The FDA is entitled to the same "substantial deference" whether this Court is viewed as assessing the agency's interpretation of its statute or its implementing regulation.See Thomas Jefferson Univ. v. Shalala, 512 U.S. 504, 512 (1994); U.S. Air Tour Ass'n v. FAA, 298 F.3d 997, 1005 (D.C. Cir. 2002).
I. Whether Plaintiff is Likely to Prevail on the Merits of its Argument that the Apotex-BMS Dismissal Triggered the 180-Day Exclusivity Period for Pravastatin
To obtain emergency injunctive relief, plaintiff need not prevail on each factor of the four-pronged calculus. See Teva Pharms., 404 F. Supp. 2d at 245 (citing Holiday Tours, Inc., 559 F.2d at 843-44). Nevertheless, the case law in this Circuit indicates that the "likelihood of success on the merits" inquiry is the most salient consideration, because a plaintiff's failure to prevail on that prong necessitates an unusually strong showing as to the remaining three factors in order "to turn the tide in [its] favor." Davenport, 166 F.3d at 366. Hence, the Court will tackle this step in the analysis first. As noted above, whether plaintiff is likely to succeed on the merits is an assessment that is governed by the Chevron framework.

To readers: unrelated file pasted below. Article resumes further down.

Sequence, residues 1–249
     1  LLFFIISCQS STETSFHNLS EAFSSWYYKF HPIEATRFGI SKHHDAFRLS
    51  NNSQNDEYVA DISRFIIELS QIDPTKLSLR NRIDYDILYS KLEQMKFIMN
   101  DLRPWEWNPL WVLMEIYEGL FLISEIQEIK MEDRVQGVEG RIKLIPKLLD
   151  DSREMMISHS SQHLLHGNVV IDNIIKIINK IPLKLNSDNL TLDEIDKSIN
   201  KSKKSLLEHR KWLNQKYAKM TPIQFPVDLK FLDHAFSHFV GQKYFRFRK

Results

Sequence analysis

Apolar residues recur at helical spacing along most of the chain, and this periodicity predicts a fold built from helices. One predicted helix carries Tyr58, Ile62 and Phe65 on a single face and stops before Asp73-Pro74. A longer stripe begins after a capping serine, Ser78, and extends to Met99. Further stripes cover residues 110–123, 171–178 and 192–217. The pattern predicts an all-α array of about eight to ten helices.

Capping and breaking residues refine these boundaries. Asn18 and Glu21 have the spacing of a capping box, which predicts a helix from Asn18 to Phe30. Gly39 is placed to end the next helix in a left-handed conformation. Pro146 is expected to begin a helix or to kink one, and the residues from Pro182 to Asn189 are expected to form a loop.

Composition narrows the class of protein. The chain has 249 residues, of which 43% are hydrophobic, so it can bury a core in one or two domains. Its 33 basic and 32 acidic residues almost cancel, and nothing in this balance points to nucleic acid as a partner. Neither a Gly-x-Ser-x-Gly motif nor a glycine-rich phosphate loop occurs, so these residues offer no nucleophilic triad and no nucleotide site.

A. Chevron Step One